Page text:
Are marine nematodes hyperdiverse?
This NERC funded project used standard and novel molecular approaches (454 Roche 18S sequencing) and videocapture technology to estimate the actual molecular (and subsequent species) diversity present at different spatial scales throughout littoral communities of UK nematodes and other meiofauna and extrapolate this information to estimates of regional and global species richness. The utilization of second-generation sequencing to quantify molecular biodiversity represents a major advance towards identifying a crucial biological component of the earth's ecosystems and enable further hypotheses to be tested regarding the complex nature of 454 sequencing.
Sequencing the meiofaunal metagenome of the fresh/saltwater interface.
Estuaries are key transitional habitats that are significantly affected by local and global anthropogenic activities. They are typically considered to be low diversity systems; a taxonomically biased inference drawn from the low alpha diversity of macrofauna. In contrast, meiofaunal diversity is substantial, with most estuaries estimated to be inhabited by approximately 200 species of nematodes, with numbers ranging from 106-108 animals per square metre, contributing to between 50-90% of the metazoan faunal species richness. In collaboration with The Environment Agency, The Thames Estuary Partnership and The Mersey Basin Campaign, this NERC funded project will link large-scale biodiversity appraisals (454 18S sequencing, videocapture and morphology) of environmental samples across ecological gradients with hydrodynamic models and macrofaunal processes.
Understanding the functional genomic mechanisms underpinning endocrine disruption in the ecological sentinel, Nucella lapillus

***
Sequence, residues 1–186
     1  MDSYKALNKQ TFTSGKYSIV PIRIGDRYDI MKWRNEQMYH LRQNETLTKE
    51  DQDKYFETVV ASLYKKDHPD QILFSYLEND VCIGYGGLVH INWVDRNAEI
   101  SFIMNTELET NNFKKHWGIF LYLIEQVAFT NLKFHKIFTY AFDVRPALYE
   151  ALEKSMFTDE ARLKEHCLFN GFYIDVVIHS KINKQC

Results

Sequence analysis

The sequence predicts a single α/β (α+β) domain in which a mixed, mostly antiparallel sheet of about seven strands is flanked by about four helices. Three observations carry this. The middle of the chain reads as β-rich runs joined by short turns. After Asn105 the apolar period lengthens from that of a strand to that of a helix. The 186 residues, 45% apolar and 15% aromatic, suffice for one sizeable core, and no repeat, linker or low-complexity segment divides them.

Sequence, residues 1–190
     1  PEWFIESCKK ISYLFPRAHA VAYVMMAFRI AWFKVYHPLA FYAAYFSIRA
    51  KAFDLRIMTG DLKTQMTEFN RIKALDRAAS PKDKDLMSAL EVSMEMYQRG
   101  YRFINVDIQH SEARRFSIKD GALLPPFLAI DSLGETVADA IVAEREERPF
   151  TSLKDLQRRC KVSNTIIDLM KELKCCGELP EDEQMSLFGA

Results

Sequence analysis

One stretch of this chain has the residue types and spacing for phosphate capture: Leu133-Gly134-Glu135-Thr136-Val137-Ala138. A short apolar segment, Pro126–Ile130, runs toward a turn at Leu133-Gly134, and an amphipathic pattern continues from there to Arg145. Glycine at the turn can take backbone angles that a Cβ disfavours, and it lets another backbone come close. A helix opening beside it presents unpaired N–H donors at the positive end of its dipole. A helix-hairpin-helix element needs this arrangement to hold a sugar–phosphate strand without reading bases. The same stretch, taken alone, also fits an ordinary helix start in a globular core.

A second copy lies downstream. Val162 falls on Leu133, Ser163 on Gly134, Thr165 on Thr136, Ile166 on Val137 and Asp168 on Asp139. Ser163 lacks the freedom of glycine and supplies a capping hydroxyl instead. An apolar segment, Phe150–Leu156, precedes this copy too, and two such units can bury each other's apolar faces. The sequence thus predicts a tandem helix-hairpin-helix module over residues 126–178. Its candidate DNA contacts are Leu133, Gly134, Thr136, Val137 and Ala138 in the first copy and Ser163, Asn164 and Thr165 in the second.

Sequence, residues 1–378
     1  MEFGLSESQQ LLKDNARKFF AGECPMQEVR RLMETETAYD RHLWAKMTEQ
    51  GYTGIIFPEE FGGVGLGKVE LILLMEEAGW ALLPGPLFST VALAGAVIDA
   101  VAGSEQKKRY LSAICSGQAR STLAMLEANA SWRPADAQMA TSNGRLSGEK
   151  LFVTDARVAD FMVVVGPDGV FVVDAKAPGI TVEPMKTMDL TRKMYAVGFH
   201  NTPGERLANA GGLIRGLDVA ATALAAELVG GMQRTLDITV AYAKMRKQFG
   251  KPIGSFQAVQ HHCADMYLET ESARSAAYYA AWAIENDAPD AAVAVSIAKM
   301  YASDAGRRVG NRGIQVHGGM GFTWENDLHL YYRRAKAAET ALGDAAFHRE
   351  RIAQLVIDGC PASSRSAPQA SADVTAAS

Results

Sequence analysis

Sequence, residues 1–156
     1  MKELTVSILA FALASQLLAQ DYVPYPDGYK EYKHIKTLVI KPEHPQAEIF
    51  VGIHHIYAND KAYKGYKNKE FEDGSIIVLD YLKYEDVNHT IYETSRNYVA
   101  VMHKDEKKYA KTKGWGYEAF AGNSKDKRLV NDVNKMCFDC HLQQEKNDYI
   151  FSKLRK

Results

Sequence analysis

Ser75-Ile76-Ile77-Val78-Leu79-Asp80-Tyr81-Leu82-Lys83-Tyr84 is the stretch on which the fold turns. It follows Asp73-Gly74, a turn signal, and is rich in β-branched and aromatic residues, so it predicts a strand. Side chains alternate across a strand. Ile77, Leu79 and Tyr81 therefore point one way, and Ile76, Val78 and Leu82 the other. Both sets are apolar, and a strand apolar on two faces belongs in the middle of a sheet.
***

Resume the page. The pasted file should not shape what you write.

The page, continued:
Man-made chemicals that disrupt endocrine function (endocrine dispuptors) contaminate all environments, producing a range of undesirable effects across a wide range of taxa and can cause abnormal development of male and female traits. The female dogwhelk, Nucella lapillus, provides one of the most clearcut examples of anthropogenically induced endocrine disruption in aquatic ecosystems and is used as an “ecological sentinel” to detect the detrimental effect of tributyltin (TBT) in marine ecosystems. Combining second-generation transcriptome sequencing and Agilent 180K feature microarray fabrication, this work aimed to unravel the functional genomic mechanisms underpinning the action of TBT in the imposex response (the superimposition of male sexual characteristics in females) in Nucella. We were able to simultaneously observe the involvement of previously identified pathways, but also discover and confirm the involvement of additional putative PPAR pathways, providing evidence for novel commonality in endocrine disruption signalling pathways between invertebrates and vertebrates. Arising from the PhD program of Dr. Sonia Pascoal and funded by FCT and the NERC NBAF program, this work, published in Molecular Ecology was a great collaboration between MEFGL members, Prof. Andy Cossins and colleagues from the Liverpool Centre for Genomic Research and Carlos Barroso and Sonia Mendo (University of Aveiro, Portugual).